I’ve been at this 30 years, and Java since it’s introduction, so some folks will feel my opinions are a bit old school. I don’t think they are, I think they’re just a bit more thorough then some folks have the patience for.  Recently I butted heads with an “Agile Coach” on this, and they certainly felt I wasn’t with the program. But I’ve been a practitioner of agile methods since before they were extreme and again, I don’t think the issue is that I’m too old school, it’s just I believe the best agile methods still benefit from some traditional before and after.

My View of The Testing Stack

People get obsessed with the titles of these, but I’m not interested in that debate, I’m just enumerating the phases in a approximate chronological order:

  • Unit: TDD these please!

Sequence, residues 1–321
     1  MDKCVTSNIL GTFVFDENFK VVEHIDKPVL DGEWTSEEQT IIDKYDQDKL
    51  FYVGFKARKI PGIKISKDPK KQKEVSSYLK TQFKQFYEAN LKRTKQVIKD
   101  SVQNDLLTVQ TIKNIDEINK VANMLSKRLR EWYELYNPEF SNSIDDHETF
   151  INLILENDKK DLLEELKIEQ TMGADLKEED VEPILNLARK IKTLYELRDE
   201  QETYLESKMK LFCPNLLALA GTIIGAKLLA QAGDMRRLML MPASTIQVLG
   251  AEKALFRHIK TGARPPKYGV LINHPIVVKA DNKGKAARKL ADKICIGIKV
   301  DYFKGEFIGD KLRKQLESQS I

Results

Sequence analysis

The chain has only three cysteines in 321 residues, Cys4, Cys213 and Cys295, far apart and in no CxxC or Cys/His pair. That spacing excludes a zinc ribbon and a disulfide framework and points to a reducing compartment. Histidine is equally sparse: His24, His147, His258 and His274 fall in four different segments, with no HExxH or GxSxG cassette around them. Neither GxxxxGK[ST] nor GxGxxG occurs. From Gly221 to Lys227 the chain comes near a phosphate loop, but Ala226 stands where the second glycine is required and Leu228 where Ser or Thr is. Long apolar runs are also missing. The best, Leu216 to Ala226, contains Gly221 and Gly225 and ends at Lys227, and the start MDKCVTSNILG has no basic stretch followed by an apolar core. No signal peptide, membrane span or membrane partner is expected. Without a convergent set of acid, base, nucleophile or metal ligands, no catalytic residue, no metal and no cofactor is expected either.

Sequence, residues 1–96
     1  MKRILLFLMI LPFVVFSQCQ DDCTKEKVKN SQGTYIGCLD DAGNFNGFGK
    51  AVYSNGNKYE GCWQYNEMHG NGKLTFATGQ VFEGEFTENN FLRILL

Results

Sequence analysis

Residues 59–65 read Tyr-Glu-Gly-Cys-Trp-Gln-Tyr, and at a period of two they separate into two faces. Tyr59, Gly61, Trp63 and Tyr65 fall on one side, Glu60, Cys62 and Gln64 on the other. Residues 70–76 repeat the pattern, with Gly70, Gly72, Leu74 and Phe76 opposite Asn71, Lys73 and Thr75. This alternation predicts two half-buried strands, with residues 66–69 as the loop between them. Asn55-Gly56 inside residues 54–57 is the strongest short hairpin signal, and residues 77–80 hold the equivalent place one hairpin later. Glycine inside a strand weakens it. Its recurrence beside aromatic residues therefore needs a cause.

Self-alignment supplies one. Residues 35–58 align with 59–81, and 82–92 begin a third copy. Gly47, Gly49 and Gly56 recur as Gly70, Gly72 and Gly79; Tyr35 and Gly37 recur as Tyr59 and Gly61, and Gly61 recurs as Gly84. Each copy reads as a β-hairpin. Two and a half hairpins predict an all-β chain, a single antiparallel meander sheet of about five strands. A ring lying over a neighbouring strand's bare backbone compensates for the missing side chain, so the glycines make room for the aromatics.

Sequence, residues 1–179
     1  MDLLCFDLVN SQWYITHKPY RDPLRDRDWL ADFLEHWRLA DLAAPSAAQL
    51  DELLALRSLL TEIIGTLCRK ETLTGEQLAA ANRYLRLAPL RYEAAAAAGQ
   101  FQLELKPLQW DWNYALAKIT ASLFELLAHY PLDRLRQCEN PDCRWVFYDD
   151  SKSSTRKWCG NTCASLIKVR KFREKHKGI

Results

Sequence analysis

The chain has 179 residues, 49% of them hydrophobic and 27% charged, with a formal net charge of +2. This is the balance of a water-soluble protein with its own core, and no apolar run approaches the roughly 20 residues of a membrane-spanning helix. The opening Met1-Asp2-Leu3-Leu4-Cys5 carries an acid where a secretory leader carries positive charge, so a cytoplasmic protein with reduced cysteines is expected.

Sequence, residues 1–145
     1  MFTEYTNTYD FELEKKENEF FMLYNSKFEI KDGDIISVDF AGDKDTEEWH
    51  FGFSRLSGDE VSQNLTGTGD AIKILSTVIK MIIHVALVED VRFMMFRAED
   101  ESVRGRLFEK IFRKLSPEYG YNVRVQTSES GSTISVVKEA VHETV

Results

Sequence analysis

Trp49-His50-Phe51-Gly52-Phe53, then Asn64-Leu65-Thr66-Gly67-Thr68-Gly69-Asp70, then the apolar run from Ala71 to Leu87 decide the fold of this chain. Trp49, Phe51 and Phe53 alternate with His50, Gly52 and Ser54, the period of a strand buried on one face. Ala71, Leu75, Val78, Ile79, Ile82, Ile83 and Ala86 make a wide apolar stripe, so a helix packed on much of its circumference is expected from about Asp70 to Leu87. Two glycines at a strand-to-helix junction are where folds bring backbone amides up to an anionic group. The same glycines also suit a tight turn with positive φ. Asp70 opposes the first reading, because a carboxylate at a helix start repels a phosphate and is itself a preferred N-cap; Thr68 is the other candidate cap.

• Scenario: Test as many scenarios as you can get your hands on. Unit testing should catch all the code paths, but a tool like Cucumber makes enumerating all the possible data sets in scenarios much easier.
  • End-to-end/Integration:  Put the parts together in use case sequences, using as many real bits as possible.
  • Performance/Stress/Load:  Does your correct code do it fast enough and resiliently enough. These can appear earlier, but it needs to happen here too.
  • QA: Yup … I still feel there’s value in a separate QA phase this is what got the agile coach red in the face… more to follow on this.
  • Monitoring/In Situ: Keep an eye on stuff in the wild. Keep testing them and monitoring them.